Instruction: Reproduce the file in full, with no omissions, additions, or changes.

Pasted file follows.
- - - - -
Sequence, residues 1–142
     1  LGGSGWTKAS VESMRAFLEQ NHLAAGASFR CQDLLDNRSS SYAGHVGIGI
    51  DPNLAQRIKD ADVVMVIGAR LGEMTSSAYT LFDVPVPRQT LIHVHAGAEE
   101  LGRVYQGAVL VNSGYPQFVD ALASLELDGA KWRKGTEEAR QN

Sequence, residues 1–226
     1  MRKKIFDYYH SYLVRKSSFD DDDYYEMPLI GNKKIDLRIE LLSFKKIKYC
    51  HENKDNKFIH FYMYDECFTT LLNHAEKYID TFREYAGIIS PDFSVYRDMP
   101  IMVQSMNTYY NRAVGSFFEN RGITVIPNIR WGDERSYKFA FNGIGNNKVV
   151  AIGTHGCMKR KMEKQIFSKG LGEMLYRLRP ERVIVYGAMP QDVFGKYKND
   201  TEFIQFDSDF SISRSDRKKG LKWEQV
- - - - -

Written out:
Sequence, residues 1–142
     1  LGGSGWTKAS VESMRAFLEQ NHLAAGASFR CQDLLDNRSS SYAGHVGIGI
    51  DPNLAQRIKD ADVVMVIGAR LGEMTSSAYT LFDVPVPRQT LIHVHAGAEE
   101  LGRVYQGAVL VNSGYPQFVD ALASLELDGA KWRKGTEEAR QN

Sequence, residues 1–226
     1  MRKKIFDYYH SYLVRKSSFD DDDYYEMPLI GNKKIDLRIE LLSFKKIKYC
    51  HENKDNKFIH FYMYDECFTT LLNHAEKYID TFREYAGIIS PDFSVYRDMP
   101  IMVQSMNTYY NRAVGSFFEN RGITVIPNIR WGDERSYKFA FNGIGNNKVV
   151  AIGTHGCMKR KMEKQIFSKG LGEMLYRLRP ERVIVYGAMP QDVFGKYKND
   201  TEFIQFDSDF SISRSDRKKG LKWEQV